Painfully obvious truths

Posted Feb 26, 2013 16:16 UTC (Tue) by mathstuf (subscriber, #69389) [Link]

And the difference in user base is what I want to know. Does SC ignore business? Does NM not count enough on Facebook? There's *quite* a difference and I'd like to know why. If it's bias, fine, but it'd still be interesting to see how that bias is being made.

In any case, the comments on his articles have indicated that he's actually pretty rough on Microsoft, not a blind follower (I don't read a lot of his stuff; mostly just the ones about changes to the dev environment since I use it at work).

The numbers Are has gotten over time showed Chrome catching Firefox, but both have pretty much flat lined in the past few months.

Painfully obvious truths

Posted Feb 26, 2013 18:52 UTC (Tue) by raven667 (subscriber, #5198) [Link]

> the author of the article you link is "a Microsoft Contributor at Ars"; I am not surprised that he would manage to find good numbers for IE

While I agree that different websites can have vastly different distributions of browsers I am disappointed in your unsupported assertion that just because someone writes news about Microsoft that they have lied about the browser distribution numbers. I think Ars has a little more journalistic integrity than that. I know it is fashionable to make these kind of serious accusations in a completely off-hand manner but it provides a confusing and inaccurate picture of the world, making it more difficult to pick out and recognize the real biases, by using rational, logical thought.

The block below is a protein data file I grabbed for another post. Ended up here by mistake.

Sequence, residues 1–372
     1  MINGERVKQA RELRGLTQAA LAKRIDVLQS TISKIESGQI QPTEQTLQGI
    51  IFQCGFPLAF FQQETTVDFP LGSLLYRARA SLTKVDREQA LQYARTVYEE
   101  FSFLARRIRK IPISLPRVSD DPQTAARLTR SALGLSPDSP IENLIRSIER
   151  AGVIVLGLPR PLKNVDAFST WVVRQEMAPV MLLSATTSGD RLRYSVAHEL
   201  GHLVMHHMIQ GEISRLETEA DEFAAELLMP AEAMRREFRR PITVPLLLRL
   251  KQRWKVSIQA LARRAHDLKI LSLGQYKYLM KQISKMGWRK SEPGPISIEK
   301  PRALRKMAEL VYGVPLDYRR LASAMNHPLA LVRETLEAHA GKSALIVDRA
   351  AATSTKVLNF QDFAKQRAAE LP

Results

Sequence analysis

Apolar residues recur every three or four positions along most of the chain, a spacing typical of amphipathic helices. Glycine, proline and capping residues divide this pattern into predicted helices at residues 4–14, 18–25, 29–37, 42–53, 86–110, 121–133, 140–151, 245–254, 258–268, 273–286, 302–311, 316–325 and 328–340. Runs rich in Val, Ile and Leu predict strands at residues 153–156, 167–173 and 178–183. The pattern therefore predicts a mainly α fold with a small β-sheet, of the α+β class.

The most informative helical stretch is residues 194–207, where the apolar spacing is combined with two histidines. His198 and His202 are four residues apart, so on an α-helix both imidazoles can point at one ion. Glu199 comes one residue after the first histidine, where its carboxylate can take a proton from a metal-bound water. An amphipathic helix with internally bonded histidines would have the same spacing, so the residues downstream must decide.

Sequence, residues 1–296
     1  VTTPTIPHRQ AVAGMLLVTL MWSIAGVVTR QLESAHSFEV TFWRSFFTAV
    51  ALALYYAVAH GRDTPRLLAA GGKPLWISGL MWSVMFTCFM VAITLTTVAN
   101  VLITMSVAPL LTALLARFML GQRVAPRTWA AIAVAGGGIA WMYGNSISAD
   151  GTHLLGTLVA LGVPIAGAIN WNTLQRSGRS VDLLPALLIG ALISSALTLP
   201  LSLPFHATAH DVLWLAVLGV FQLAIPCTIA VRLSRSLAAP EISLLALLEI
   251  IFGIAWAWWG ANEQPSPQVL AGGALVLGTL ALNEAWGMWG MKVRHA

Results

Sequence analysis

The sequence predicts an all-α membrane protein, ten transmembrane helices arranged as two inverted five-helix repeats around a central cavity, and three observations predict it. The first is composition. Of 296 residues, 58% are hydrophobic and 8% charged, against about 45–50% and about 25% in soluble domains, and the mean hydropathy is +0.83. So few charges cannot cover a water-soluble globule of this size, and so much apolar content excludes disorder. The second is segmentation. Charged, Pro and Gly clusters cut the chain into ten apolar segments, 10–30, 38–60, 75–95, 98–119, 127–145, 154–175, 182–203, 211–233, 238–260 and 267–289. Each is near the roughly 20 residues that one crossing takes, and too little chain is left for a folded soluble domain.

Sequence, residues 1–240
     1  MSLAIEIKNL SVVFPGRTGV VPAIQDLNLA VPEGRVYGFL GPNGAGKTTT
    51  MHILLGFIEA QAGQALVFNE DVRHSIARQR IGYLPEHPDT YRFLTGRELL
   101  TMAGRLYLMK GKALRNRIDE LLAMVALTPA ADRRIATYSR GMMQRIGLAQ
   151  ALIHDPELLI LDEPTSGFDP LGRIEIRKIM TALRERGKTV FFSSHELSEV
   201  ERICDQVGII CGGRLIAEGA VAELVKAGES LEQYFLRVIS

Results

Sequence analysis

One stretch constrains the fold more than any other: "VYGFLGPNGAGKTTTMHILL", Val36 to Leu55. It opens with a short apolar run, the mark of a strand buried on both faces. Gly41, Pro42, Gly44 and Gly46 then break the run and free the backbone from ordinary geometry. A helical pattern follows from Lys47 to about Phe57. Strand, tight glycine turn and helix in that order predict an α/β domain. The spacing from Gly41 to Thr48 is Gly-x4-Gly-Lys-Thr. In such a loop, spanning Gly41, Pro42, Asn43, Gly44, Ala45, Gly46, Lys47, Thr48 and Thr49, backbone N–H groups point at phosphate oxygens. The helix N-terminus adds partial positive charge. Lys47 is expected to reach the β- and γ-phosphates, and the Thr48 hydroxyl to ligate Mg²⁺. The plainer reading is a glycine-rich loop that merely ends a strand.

I wish more people learned rhetoric so that they were better equipped to spot BS and didn't fall back to using such inaccurate methods.

Painfully obvious truths

Posted Feb 26, 2013 19:24 UTC (Tue) by man_ls (guest, #15091) [Link]

Sorry to have offended your sense of (journalistic?) integrity, but really? If people did indeed learn rhetoric they might spot a glaring appeal to authority in your comment, and that is the whole basis of your analysis. You give no explanation about the biases; in fact you make it look like Ars data might be accurate while StatCounter might be off.

At the very least you may look at some other independent market share analysis, from the first page of Google results for browser market share: Wikimedia foundation, w3schools, Clicky. None of them are even close to the ones from NetMarketshare.